greatly improves portability, it enables the use of tools coming from
different sources, it brings to the development of better software
environments, and, ultimately, it secures the investments done in
software development.

It may well be the case that ISO Prolog is not the best possible
standard: no standard I know enjoys this property. Indeed, there are
several things that I do not like in ISO Prolog. But I believe that it
is a reasonable compromise. Moreover, I do believe that following ISO
Prolog is much, much better than following no standard at all.

These considerations seem to be part of the common knowledge of other
communities. I follow quite closely the C++ standardization process
and the development of g++ (the GNU C++ compiler). I must say that the
entire C++ community (users and providers) really strive for standard
conformance. As far as I can see, providers do not hesitate to break
backward compatibility (even though this is done in two or more
steps), and users are more than willing to catch up by modifying their
programs for the sake of standardization.

I apologize to those who, like myself, regard the above sentences as
overwhelmingly obvious. I really do hope that the discussion will
prove they were superfluous.


In my opinion, the bottom line is:

1) Does the logic programming community want to have a standard?
2) If so, is ISO Prolog the "right" standard?
3) If ISO Prolog is _not_ the "right" standard, why?


Fernando Pereira

Jan 2, 1999, 3:00:00 AM1/2/99
In article <>, Roberto Bagnara

<> wrote:
> In my opinion, the bottom line is:
> 1) Does the logic programming community want to have a standard?
> 2) If so, is ISO Prolog the "right" standard?
> 3) If ISO Prolog is _not_ the "right" standard, why?
It was a long and complicated story, and you would be able to find many
discussions on the value, status and prospects of the ISO in an archive of
this newsgroup from the relevant period, if that exists anywhere. To cut a
long story short:

1) *Some* members of the community may have wanted to have a standard, but
many influential ones at the time either did not think it was the highest
priority or thought that the process was wrong-headed.
2) I've been out of these debates for quite a while, but when I was paying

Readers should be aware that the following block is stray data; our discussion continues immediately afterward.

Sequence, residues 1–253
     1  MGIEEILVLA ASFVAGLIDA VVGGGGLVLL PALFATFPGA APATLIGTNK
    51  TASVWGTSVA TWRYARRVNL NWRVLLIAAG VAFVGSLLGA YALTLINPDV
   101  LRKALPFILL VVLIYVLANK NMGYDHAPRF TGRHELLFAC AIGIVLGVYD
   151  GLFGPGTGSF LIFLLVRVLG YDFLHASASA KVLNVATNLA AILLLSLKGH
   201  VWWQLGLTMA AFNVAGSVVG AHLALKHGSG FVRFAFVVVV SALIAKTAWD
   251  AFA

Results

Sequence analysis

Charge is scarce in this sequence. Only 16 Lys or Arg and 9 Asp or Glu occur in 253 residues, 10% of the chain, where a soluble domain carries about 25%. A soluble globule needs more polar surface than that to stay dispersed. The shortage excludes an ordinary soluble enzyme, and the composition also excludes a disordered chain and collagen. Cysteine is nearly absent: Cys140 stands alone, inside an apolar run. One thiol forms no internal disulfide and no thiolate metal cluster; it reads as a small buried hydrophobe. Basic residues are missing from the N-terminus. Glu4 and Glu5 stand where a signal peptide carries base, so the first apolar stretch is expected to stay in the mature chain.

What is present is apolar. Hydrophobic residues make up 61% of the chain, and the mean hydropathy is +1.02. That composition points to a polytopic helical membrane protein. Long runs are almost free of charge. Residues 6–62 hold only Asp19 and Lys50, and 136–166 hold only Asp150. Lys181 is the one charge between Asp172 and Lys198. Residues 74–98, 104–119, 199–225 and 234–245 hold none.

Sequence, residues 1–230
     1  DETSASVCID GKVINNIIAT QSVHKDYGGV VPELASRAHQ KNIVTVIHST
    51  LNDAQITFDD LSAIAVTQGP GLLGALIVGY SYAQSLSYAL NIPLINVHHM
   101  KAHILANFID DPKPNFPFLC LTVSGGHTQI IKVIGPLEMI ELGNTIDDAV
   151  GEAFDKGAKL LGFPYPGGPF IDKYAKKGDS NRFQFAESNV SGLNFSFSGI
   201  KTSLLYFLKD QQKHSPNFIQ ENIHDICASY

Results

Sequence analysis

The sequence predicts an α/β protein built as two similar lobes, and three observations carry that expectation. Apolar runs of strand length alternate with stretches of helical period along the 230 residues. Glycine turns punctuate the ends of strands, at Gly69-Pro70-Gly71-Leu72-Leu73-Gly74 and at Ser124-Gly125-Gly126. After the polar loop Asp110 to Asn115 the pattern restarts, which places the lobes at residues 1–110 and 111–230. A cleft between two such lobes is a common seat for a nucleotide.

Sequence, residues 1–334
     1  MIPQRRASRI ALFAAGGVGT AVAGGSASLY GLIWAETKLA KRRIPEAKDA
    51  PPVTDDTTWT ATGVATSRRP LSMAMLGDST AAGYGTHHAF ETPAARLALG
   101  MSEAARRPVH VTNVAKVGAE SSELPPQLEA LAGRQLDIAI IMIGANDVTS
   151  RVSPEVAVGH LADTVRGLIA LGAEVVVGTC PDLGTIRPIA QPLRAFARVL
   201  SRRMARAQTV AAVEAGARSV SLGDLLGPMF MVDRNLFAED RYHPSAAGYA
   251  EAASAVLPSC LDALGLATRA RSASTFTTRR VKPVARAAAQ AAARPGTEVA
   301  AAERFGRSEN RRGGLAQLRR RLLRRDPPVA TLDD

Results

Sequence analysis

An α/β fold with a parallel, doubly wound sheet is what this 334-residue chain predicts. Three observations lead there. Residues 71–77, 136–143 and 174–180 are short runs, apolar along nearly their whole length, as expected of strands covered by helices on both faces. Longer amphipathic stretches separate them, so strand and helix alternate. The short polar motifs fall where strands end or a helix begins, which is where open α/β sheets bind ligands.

any attention, I did not think so, and neither did some of the main Prolog
suppliers at the time, or some well-known experts like Richard O'Keefe,
who posted many detailed critiques of the draft standard.
3) You'll have to go back to the actual discussions of the draft to
understand the specific objections. The main meta-objection is that the
standard, rather than codifying existing practice, tried to "straighten
out" Prolog by the lights of the standard committee. This is a recipe for
standard irrelevance, as anyone who has had contact with standards
processes knows. Another problem is that the ISO process is too burdensome
to participate in for all but the most committed or most well-endowed
individuals and organizations (many expensive meetings, many hours off
from one's real job). Prolog suppliers were small companies with very
limited resources and could not afford devoting their most capable experts
to developing a standard of dubious significance, when that was not what
most of their customers were clamoring for (they were clamoring for
cross-platform compatibility, GUIs, DB interfaces, better integration with
non-Prolog code and legacy applications, smaller footprint, better
training and support).

-- F

Paulo Moura

Jan 4, 1999, 3:00:00 AM1/4/99
to Roberto Bagnara

Roberto Bagnara wrote:
> ...

> For these reasons, I think I can give an answer to the question in the